They may have lost the battle but not the war against the Reproductive Health (RH) Law that was upheld as constitutional on Tuesday by the Supreme Court (SC), leaders of the Catholic Bishops Conference of the Philippines (CBCP) said on Wednesday.
Prayers, the CBCP leaders added, will be their main weapon in defeating the “anti-life” proponents of the RH Law but this time they will say them with the help of “pro-life” candidates in the 2016 national polls.
Fr. Melvin Castro, executive secretary of the CBCP’s Episcopal Commission on Family and Life, said they are praying for the elections two years from now to produce winners who will repeal the RH Law, or Republic Act (RA) 10354, the Responsible Parenthood and Reproductive Health Act of 2012.
Despite the SC declaring most of the provisions of RA 10354 constitutional, Castro said the Catholic Church has remained optimistic that the law will be junked later.
“[We pray] that come 2016, with the next Congress, [the "pro-life” lawmakers will]repeal it [R[RA 10354]We hope it will be repealed sometime in the future,” he added.
Church officials earlier admitted that their chances of having the High Court reverse its decision are slim.
They urged the Filipino faithful to show respect to the SC magistrates who made the decision based on existing laws of the land.
“We have to accept it since it is the highest court of the land [t[that upheld the RH Law as constitutional] Castro said.
Other priests seemed to disagree.
In Negros Occidental province, they again posted the controversial “Team Buhay” (Life
Team) and Team Patay” (Death Team) tarpaulins bearing the names of supporters and opponents of the RH Law who won in the 2013 elections.
The tarpaulins were displayed in the Diocese of Bacolod on San Sebastian Cathedral’s wall.
With the SC ruling, the RH Law should now be immediately implemented, according to the influential Makati Business Club (MBC).
“Moving forward, we hope that the law will be swiftly and properly implemented,” the MBC said in a statement also on Wednesday.
It maintained that the law “will not only impact our people’s health, but will also serve as a critical component of the overall strategy to reduce poverty and guarantee sustainable and inclusive growth.”
Commending the High Court for upholding the legality of RA 10354, the MBC noted that the law was a product of 14 years of debates and amendments in Congress.
“With this process, involving all major branches of government, as well as with widespread public participation, we believe that this decision truly reflects the people’s overwhelming sentiments on responsible parenthood and reproductive health,” the business group said.
Although the issue has been divisive, it added that “with the intense exchange of views, this is an illustration of the vibrancy of our democratic processes.”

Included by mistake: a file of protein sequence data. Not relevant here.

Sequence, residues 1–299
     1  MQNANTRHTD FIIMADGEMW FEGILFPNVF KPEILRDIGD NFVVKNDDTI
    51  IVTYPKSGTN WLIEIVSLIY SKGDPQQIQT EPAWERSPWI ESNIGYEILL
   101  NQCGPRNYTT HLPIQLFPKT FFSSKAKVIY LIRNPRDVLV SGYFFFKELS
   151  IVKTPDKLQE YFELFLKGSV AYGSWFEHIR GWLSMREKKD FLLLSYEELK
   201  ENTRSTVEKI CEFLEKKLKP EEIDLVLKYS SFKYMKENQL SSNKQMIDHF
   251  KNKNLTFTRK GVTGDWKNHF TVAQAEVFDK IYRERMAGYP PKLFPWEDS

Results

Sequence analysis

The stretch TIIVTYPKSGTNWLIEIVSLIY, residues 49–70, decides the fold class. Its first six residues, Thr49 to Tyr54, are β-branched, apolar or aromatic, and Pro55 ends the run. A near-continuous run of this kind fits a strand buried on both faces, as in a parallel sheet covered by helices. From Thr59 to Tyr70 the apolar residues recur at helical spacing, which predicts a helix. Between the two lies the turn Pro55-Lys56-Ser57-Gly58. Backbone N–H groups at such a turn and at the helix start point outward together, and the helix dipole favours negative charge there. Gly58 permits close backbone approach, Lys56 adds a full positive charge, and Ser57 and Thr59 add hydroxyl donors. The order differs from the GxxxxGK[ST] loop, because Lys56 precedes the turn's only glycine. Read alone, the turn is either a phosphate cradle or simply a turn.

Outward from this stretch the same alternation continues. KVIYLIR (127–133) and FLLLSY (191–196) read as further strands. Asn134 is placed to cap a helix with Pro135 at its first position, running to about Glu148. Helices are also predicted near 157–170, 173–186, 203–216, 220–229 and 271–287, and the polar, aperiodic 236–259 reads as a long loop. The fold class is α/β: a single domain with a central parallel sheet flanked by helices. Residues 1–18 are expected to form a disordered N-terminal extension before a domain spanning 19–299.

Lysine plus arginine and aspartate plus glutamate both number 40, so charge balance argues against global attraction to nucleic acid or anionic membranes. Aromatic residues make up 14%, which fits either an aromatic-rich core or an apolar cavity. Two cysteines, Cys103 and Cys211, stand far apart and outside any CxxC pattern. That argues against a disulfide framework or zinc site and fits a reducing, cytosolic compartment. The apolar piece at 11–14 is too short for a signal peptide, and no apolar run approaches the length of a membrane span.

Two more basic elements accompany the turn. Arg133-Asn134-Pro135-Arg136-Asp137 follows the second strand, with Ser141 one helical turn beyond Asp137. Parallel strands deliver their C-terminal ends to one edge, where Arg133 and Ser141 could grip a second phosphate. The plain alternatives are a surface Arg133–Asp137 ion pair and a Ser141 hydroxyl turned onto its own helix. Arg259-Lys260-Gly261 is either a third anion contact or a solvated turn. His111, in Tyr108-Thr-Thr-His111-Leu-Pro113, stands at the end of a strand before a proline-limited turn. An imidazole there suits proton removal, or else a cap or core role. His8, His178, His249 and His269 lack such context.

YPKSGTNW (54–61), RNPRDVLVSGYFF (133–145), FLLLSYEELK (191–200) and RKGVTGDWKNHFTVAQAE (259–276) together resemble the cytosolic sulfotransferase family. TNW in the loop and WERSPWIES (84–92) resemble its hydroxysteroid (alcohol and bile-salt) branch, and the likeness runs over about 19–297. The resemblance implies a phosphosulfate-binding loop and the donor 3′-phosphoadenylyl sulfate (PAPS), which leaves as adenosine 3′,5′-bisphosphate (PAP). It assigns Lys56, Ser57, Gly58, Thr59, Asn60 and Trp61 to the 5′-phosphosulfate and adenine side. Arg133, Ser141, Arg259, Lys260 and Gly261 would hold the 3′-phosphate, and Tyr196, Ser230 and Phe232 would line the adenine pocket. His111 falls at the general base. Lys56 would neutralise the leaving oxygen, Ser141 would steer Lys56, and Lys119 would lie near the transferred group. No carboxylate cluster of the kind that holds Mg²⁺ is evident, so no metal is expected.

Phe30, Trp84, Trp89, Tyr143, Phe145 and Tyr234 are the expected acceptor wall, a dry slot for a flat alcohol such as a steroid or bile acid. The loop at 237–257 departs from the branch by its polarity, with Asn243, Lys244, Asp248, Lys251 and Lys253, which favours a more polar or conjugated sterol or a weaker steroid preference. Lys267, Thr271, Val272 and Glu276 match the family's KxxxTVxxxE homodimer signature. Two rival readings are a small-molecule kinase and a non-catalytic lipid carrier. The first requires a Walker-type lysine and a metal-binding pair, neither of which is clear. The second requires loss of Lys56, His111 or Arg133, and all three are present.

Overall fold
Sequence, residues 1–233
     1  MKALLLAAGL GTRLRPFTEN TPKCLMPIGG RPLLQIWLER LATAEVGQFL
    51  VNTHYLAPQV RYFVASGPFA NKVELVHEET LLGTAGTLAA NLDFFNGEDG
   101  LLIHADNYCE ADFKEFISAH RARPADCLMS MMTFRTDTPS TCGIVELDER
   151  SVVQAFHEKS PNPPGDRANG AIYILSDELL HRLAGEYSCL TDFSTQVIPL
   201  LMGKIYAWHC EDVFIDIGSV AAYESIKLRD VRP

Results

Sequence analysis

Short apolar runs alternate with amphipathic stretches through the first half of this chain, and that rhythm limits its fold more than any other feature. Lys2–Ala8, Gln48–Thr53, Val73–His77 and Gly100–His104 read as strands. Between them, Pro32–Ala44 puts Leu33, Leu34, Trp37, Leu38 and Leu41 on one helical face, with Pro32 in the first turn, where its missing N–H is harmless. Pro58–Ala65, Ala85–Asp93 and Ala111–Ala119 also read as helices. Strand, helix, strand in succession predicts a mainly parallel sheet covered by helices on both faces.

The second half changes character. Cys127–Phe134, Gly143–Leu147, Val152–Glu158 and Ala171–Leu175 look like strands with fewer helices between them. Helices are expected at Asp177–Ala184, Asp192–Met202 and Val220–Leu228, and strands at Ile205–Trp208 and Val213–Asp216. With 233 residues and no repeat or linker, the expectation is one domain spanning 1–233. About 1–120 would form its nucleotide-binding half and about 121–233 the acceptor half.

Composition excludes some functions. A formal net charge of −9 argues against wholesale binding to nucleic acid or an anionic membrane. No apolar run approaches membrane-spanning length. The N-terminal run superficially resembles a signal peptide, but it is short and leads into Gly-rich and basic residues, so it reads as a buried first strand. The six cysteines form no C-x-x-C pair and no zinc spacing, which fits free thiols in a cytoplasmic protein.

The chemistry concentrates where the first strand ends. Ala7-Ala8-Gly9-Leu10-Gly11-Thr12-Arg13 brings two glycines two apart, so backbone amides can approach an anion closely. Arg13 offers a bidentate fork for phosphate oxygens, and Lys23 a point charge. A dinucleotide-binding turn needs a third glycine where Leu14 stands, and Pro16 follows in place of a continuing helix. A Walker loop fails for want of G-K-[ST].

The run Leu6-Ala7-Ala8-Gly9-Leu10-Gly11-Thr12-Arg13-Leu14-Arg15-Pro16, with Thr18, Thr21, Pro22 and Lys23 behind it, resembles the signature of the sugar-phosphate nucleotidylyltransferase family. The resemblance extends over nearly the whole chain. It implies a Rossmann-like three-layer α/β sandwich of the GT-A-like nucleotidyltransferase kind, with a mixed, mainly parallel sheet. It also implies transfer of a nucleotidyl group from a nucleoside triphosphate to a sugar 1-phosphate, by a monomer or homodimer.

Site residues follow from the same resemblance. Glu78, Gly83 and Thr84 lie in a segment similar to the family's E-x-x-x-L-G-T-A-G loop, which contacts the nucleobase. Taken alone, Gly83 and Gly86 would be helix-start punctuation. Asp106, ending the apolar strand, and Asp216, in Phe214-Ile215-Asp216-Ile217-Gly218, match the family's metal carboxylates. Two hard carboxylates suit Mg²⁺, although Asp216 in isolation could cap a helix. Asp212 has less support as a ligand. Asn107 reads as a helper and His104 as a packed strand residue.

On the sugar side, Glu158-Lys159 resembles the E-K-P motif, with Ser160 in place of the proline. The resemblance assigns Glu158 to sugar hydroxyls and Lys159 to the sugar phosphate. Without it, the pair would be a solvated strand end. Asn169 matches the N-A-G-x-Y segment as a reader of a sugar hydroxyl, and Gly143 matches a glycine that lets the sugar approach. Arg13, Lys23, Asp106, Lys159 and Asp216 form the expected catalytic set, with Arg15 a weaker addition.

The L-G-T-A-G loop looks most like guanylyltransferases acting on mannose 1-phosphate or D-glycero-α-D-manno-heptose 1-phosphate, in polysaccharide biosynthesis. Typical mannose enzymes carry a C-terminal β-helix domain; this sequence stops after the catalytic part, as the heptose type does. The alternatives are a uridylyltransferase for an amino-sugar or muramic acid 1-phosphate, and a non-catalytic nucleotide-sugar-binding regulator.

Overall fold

“Let this decision be the spark that will unite all who stood on opposite sides of the fence to work together for a truly progressive Philippines,” the MBC said.
Authors of the RH Law agreed although they said the SC seemed to have tempered its decision.
“The law is sufficient and effective. The provisions removed by the [S[SC]ill not materially change the impact of the law. In fact, both sides are claiming victory so that’s okay. No more disputes,” Speaker Feliciano Belmonte Jr., who implemented an RH policy during his tenure as Quezon City mayor, said in a text message.
Rep. Walden Bello of Akbayan party-list said “core provisions of the law were affirmed, so I am not unhappy.”
So is Bishop Efraim Tendero, who heads the Philippine Council of Evangelical Services.
He said the High Court’s ruling “is answered prayer for us.”
“A law on responsible parenthood and healthy family life will help contribute to having [a[a better]ality of life [f[for]lipinos,” he added.
Contrary to the CBCP, Tendero said the RH Law is “pro-poor, pro-development and pro-life.”
It is not, according to Fr. Shenan Boque, president Human Life International (HLI).
“It breaks my heart that this [o[official endorsement of the RH Law] happening in such a strongly pro-life and Catholic country that has thus far been able to resist legalized abortion,” according to Boquet.
In statement, he said the “real losers” in the decision of the court are “the women and children and the basic institution of the family” in the Philippines.
HLI is said to be the world’s largest international pro-life and pro-family organization, with affiliates and associates in over 80 countries in six continents, including the Philippines.
Boquet said the supporters of and the legislators who batted for the law had just deceived Filipinos into “[p[pushing]rough a massive population control agenda that will one day lead to legalized abortion-on-demand in the Philippines.”